Giovanni De Min

Giovanni De Min

Giovanni De Min was born in Belluno in the Veneto region of northern Italy on 24th October 1786.


As the son of a domestic servant he was born into humble beginnings, and therefore without the patronage of the Falier family of San Vitale he would not have been able to attend the Academy of Fine Arts in Venice following his discovery by Paolo de Filippi whilst completing an apprenticeship in Padua. Whilst there he studied alongside Francesco Hayez, with whom he would go onto work, and was a pupil of Teodoro Matteini and Pietro Tantini.


In 1808, De Min was awarded a stipend from the Academy to study in Rome, where he fell under the influence of neoclassical artists such as Antonio Canova. Upon returning to Venice De Min mainly dedicated himself to fresco or panel decoration of houses and salons, regularly working with Hayez and using predominantly mythological figures for his works. In 1817 he completed the now lost decorations in Palazzo Cicognara using the designs of Hayez, before in 1819 collaborating with him again to help decorate the palace of Count Giovanni Papadopoli in San Marina, where he depicted Leda, Diana and Actaeon, Salmacis and Hermaphrodite, Callisto, Venus and the Graces. He also painted The Four Elements and The Dream of Love for Casa Comello near San Canciano in Venice. In 1819, following the death of Angelo Pizzi and with the support of Count Cicognara, De Min was named as professor of sculpture at Accademia di Belle Arti di Venezia.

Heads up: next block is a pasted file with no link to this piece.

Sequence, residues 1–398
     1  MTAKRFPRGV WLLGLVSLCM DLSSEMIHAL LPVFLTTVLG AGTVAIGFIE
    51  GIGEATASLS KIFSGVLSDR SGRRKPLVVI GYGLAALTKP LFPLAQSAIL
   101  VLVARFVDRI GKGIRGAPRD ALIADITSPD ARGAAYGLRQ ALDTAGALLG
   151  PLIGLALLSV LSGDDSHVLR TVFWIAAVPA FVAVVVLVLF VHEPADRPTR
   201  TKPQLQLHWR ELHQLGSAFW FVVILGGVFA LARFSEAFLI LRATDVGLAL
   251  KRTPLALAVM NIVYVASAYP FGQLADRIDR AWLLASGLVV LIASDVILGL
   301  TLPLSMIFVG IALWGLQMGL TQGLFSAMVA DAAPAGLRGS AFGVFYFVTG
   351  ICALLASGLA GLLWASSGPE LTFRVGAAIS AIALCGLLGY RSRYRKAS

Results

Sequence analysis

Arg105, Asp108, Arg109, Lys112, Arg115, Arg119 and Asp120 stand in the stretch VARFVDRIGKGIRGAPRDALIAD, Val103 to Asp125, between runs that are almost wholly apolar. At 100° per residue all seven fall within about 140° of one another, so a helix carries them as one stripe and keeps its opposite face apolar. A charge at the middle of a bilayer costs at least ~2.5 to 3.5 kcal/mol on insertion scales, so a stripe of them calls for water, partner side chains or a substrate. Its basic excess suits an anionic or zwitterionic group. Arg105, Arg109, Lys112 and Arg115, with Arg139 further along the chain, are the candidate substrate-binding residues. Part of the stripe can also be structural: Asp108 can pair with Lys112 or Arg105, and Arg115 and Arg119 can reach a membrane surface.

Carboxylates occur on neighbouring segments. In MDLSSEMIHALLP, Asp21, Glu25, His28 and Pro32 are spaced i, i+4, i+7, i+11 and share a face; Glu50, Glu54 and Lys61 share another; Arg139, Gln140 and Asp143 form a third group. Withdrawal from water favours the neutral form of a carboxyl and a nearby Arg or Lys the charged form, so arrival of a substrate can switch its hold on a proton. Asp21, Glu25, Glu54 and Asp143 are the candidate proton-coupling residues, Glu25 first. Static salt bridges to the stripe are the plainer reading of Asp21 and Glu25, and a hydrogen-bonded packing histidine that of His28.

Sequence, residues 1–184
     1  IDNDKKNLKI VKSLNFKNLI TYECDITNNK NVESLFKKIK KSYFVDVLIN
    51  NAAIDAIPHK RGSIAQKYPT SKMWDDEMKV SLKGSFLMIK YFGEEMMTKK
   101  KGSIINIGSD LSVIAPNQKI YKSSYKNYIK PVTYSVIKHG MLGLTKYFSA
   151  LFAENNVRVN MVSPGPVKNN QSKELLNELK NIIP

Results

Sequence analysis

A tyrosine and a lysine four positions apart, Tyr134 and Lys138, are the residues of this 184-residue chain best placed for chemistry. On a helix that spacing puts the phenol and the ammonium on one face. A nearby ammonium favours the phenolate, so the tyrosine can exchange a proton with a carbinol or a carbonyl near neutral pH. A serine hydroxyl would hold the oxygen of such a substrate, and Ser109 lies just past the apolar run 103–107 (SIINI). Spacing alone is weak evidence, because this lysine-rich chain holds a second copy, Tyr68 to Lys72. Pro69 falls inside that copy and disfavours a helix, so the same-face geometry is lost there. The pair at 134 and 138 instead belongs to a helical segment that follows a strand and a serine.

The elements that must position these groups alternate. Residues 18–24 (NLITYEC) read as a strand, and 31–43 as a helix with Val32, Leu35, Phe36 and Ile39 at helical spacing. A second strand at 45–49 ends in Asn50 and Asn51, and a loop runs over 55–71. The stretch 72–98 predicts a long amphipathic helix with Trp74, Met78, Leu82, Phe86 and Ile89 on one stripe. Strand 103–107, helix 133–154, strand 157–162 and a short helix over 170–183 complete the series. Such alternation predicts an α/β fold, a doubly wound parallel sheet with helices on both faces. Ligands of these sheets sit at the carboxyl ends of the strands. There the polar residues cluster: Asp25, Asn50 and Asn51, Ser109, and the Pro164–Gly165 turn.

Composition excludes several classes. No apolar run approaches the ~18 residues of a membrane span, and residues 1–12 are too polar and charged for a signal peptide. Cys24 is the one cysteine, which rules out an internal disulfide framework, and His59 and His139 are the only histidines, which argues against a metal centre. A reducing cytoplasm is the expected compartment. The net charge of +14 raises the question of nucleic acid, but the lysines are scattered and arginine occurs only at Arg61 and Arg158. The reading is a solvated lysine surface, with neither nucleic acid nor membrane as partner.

It is not clear how active he was as a professor since by 1818 De Min had already relocated to Padua where he was very active as an artist, working on the decoration of Palazzo Pesaro-Papafava with subjects from the Iliad before painting A Triumph of Rossini (1822) in Palazzo Treves de’ Bonfili. In a further collaboration with Hayez he also painted a series of mythologic subjects: Convito degli Dei, Triumph and Marriage of Bacchus and Ariadne, Mars and Venus, and Venus and Ascanius (1821–24) in Palazzo Rusconi Sacerdoti. In 1824-25, he painted the Story of Psyche, and episodes from Tasso’s work in Palazzo Gaudio. In 1825, in the Palazzo Rossi, now Moschini, he painted mythologic subjects. In 1828, in Palazzo Revedin, he painted La Fortuna, Laocoön, Ulysses kills Procedus. In this same decade he also painted the Education of Achilles and Apotheosis of Canova inside Palazzo Crescini, Trieste. For the Fasolo house he painted Erminia saves Tancred, Jove and Juno and Leda, then between 1829 and 1831 he frescoed the Story of Psyche for Palazzo Treves de’ Bonfili in Venice, a palace where Ludovico Lipparini, Borsato, Cicognara and others were employed. He also painted a large historic canvas of the Massacre of Alberico da Romano and his family, which only is now known through an 1839 lithography by Francesco Locatello.


In his later years De Min moved to Ceneda, near present-day Vittorio Veneto, Treviso, and painted frescoes in churches and Villas including La Lotta delle Spartane in Villa dei Patt near Belluno. He also painted the Council Hall of Palazzo Rosso in Belluno and in 1837 a salon of Villa Gera in Conegliano. 


He died in Tarzo on November 23rd 1859.